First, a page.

How do I ... create an installation flash drive for Windows 7?

Steven Warren shows you a no nonsense approach to creating a flash key drive that you can use to install the Microsoft Windows 7 operating system.

I have read a lot lately on how to install the Microsoft Windows operating system from a flash drive. The directions on how to do this were spotty at best and required lots of third-party tools. None of this is necessary. Here is a no-nonsense approach to creating a flash key drive that you can use to install the Windows 7 operating system.

This blog post is also available in PDF format in a TechRepublic download.

We will begin by inserting a flash drive key into a laptop or desktop, as shown in Figure A.

Figure A

Next, click the Start button and type cmd in the instant search bar. Right-click on the cmd entry and select Run as Administrator, as shown in Figure B.

Figure B

Now we are ready to run Diskpart. Type diskpart, as shown in Figure C. Type List Disk, as also shown in Figure C, to find your USB key. In this case, it is Disk1.

Figure C

We will continue by typing Select Disk 1 and cleaning the flash key by typing clean, as shown in Figure D.

Figure D

Let's continue by typing create partition primary, as shown in Figure E.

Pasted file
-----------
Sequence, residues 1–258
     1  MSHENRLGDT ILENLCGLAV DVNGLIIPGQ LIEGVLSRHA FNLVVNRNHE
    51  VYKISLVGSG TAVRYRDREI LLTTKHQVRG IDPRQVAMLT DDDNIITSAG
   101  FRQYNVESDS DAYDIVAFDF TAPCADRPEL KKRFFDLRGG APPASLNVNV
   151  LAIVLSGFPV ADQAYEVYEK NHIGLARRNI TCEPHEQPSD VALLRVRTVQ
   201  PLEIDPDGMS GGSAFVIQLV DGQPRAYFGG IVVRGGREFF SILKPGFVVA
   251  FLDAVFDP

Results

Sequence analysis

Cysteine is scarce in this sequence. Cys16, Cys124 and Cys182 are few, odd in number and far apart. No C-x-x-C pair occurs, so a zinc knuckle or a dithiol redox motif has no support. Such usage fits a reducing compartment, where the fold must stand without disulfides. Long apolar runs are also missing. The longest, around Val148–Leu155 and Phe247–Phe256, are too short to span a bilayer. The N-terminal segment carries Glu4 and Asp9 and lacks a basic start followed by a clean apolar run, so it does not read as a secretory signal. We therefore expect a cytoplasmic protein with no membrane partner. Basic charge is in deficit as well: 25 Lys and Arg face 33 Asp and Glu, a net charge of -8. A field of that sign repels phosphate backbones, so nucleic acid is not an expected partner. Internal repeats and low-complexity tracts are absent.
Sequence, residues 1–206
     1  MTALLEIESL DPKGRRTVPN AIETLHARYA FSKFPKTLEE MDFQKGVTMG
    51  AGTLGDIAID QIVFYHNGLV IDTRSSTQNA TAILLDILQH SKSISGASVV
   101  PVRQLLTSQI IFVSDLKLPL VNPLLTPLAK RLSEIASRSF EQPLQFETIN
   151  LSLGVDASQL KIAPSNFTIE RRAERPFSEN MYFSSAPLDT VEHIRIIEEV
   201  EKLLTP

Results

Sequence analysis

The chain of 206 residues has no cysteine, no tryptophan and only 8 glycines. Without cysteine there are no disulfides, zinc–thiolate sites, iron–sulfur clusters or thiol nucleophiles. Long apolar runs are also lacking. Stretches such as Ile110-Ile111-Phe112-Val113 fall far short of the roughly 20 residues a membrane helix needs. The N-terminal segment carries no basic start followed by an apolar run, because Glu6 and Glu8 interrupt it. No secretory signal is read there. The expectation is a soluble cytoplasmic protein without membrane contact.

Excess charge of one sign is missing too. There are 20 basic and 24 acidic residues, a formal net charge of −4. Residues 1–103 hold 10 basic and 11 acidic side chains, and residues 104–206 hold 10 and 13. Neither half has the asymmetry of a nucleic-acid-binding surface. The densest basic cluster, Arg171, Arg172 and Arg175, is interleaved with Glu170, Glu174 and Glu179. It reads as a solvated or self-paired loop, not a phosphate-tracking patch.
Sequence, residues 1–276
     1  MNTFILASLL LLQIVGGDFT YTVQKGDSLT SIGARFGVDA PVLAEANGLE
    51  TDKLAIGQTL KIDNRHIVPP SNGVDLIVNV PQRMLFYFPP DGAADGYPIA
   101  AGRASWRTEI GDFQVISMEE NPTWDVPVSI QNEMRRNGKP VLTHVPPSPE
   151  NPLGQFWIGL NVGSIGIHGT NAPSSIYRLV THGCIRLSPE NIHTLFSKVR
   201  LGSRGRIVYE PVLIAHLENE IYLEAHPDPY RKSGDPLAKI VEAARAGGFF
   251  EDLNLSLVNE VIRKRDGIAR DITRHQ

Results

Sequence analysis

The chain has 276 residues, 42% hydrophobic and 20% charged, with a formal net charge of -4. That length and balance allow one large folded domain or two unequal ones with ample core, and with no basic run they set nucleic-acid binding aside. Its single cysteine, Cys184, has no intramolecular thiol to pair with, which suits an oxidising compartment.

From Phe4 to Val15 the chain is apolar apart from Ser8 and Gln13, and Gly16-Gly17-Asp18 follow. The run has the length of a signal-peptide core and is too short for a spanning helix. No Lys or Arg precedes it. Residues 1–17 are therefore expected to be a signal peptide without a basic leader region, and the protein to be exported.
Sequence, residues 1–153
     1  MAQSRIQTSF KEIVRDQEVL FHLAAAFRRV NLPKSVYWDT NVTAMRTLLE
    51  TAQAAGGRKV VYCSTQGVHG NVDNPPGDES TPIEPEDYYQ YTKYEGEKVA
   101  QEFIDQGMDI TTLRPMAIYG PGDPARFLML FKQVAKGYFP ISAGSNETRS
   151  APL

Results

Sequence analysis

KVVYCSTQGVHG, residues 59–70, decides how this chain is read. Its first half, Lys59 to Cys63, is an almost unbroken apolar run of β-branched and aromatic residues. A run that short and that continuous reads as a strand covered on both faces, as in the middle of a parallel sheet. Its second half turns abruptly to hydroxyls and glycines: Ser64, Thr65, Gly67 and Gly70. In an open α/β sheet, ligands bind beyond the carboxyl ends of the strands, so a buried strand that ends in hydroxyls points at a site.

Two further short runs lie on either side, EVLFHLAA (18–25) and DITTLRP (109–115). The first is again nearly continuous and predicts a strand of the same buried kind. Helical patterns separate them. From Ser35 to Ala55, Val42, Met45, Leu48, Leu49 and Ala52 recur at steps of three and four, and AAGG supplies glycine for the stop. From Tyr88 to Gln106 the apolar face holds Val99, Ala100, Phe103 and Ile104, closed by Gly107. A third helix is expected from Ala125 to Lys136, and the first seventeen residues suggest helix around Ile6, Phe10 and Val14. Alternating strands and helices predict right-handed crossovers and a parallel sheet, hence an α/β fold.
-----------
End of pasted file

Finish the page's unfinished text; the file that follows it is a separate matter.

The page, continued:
Figure E

Next, type active to mark the disk as active; we are getting closer to the finish line. Now we are ready to format our partition by typing Format FS=Fat32, as shown in Figure F.

Figure F

Now you can copy over the installation files of Windows 7, as shown in Figure G. (Note: This technique applies to Vista or XP also.)

Figure G

Once you have copied the installation files, the next thing is to configure your laptop/PC to boot from the flash drive. You should log in to your BIOS settings to make sure booting from USB is available. Finally, start your laptop/desktop and select from which boot device you want to load the operating system. In this example, I will choose the USB 4GB SanDisk, as shown in Figure H.

Figure H

It is time to get a cup of coffee and let your Windows operating system load, as shown in Figure I.

Figure I

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